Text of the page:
If you truly want to bring out the absolute best movement you are capable of, you have to experience movement in all three planes of motion. In the gym, we often get stuck in the sagittal plane. Exercises like Deadlifts and Squats are amazing, but they don’t offer much help for moving rotationally or laterally. If you’re an athlete, or want to look or move like one, you must do both of those things well.
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The plane of movement that probably gets the least love in the weight room is the frontal plane, in which the body moves laterally with actions such as abduction and adduction. Arguably, this plane of motion is as or more important than the others for athletes and people who want to embody great mobility. The ability to own the frontal plane unlocks lateral movement, which is key for changing directions, lateral speed and power, overcoming force and fully using the hips in athletics.
Unfortunately, Dumbbell Chest Flys won’t help you acquire those athletic attributes, but I do have a few exercises that will. They will help you get strong in the frontal plane.
Kettlebell Box Cossack Squat
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I love the Cossack Squat. I just kind of suck at it. I suck less at this variation, so I figured I’d share it.
In the Cossack Box Squat, you have an end range of motion, which is the box. One of the major issues I see with people performing the standard Cossack Squat is extreme mobility, which forces them so deep into range of motion (ROM) that their ankles, knees and hips get completely misaligned. This is one of those rare cases where extreme mobility may be more harmful than helpful.
If you let your hip sway way out laterally beyond your knee, it creates a weird angle between hip and knee, and knee and ankle. Your knee may cave in. Your heels may lift off the floor. Over time, it may cause pain. We want absolutely none of that.
Adding the box gives you a nice end ROM without sacrificing any of the benefits of the normal Cossack Squat. Follow a protocol similar to the Barbell Box Squat with a subtle rock back onto the box while maintaining tightness in your core and lower body. Then explode up to the starting position.
This exercise works wonders for developing frontal plane strength, single-leg mobility, control and strength, and it has a huge carryover to the field, court—and probably even the grocery store.
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Bottoms-Up Side Plank
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This Side Plank variation is another great way to train the frontal plane. It involves holding a kettlebell in the bottoms-up position. I know, it looks like a circus trick, but try it out. It obviously works the core, but more importantly it works the deep internal core muscles that aid in rotation and change of direction.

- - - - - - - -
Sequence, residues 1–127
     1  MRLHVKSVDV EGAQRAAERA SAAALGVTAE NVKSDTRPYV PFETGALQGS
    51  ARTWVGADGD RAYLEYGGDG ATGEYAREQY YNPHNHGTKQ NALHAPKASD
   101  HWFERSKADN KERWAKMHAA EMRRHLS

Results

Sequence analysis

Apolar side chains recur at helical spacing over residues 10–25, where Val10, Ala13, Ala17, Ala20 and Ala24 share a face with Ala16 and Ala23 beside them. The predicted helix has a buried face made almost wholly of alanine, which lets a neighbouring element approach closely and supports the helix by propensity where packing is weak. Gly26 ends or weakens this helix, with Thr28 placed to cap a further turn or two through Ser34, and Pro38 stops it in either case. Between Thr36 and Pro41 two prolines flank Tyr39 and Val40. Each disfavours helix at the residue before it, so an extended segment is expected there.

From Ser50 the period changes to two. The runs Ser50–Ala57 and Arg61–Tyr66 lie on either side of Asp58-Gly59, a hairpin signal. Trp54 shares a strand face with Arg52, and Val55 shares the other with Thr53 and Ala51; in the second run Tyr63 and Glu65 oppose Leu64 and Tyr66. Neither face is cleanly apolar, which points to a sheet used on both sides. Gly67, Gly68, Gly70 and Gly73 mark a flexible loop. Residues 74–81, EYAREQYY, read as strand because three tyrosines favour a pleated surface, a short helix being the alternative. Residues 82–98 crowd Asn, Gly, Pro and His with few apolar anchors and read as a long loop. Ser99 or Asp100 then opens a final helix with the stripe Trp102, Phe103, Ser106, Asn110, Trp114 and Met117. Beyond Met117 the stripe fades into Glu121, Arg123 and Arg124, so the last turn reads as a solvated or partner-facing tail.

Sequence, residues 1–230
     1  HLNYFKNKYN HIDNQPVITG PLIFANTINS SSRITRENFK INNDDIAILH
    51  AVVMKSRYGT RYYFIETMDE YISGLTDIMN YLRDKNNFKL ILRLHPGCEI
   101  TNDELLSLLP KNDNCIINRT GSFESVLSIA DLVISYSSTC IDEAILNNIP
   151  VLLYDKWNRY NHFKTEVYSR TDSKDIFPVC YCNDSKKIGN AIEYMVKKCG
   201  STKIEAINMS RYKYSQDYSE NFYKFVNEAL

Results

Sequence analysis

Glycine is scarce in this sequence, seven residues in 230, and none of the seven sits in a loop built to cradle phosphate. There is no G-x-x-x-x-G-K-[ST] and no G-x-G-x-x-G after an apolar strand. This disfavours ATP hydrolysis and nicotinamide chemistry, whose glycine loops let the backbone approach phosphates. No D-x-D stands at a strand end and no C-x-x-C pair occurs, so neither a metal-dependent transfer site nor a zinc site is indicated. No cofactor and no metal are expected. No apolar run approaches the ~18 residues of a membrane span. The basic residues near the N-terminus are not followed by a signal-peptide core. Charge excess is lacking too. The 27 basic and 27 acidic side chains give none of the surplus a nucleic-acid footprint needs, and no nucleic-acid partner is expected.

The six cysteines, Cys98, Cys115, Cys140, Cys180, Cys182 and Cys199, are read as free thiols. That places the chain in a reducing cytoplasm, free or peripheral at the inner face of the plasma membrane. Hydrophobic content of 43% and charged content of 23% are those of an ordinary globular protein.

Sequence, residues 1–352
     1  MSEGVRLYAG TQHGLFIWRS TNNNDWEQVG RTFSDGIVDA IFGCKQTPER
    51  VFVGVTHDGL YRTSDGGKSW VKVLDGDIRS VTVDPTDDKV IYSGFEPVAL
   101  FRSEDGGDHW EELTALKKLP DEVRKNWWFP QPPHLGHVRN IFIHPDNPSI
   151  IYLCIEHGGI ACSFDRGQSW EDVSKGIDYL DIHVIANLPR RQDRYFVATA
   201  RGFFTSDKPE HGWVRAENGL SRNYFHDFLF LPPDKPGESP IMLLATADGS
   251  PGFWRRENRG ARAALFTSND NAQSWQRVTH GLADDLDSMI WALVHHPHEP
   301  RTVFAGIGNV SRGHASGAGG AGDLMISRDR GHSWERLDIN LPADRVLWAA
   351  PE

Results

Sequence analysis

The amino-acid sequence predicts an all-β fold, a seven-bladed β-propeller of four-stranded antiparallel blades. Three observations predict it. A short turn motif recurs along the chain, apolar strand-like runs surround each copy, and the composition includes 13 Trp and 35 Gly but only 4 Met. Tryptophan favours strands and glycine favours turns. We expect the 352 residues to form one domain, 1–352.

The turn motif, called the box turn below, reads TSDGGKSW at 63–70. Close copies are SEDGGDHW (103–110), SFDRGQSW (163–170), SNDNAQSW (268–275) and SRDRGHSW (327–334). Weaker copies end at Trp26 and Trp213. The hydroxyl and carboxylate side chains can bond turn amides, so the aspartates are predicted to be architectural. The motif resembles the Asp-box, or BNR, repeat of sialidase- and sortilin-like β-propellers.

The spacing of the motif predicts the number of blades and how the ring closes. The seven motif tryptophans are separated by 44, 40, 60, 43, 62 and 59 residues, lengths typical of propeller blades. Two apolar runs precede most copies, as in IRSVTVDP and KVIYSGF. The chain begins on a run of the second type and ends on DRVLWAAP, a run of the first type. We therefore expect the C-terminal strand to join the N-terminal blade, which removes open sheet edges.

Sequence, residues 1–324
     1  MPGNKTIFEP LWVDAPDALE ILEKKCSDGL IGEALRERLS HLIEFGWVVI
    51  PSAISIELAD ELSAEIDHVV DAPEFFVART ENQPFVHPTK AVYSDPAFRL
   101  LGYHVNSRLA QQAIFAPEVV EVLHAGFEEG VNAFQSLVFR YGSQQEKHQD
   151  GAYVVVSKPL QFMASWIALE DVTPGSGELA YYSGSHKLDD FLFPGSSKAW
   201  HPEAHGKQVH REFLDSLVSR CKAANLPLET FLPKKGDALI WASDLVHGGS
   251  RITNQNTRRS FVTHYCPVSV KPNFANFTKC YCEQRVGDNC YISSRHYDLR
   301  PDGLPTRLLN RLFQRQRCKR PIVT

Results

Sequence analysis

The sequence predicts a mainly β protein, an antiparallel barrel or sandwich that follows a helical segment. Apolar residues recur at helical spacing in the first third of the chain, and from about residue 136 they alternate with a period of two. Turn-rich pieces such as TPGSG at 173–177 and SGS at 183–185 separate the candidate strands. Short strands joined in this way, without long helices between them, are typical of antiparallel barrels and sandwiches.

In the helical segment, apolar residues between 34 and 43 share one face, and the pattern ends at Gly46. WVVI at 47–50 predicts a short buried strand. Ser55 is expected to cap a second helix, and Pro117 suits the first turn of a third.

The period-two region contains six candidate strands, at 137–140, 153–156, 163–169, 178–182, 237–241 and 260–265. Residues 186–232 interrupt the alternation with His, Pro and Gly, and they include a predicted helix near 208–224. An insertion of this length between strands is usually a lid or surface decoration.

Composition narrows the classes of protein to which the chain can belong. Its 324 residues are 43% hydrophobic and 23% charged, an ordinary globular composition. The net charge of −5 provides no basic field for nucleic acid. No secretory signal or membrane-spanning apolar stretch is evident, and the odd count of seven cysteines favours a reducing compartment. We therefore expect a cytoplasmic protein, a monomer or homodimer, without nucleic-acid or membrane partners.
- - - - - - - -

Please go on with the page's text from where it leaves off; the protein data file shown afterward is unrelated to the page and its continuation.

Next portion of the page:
Start with a standard Side Plank, progress to adding the leg lift, then finally add the kettlebell. You will develop a core that is ready to take on the lateral demands of any sport you can imagine.
Lateral Sled Drag
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Going back to a lower-body focus for the final move, we have the Lateral Sled Drag. There are a million-and-one ways to rig this up. All you need is an object of mass, something 4-6 feet long to attach it to and some way to hang on to it. It doesn’t have to be a strap and sled; it can be a band and a sandbag. It could even be a rope and a rock. Just find something heavy to pull.
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As the name suggests, you drag the load laterally with one hand attached to it and the other creating momentum through arm drive. It’s important to keep the working arm nice and tense all the way up to the stabilizers of the shoulders. Your steps are also important. You want your initial trail leg to come “up and over” when you step. With each step, put as much force into the ground as possible and really push yourself away from the sled.
This is a great option for anyone who may not have a Side Lunge or Cossack Squat in their arsenal yet. Or it could be used by someone looking to add a conditioning component to their lateral movement abilities.
In addition to training the transverse and sagittal planes intelligently and consistently, use these three exercises to train your frontal plan. They can be game changers for many aspects of your training.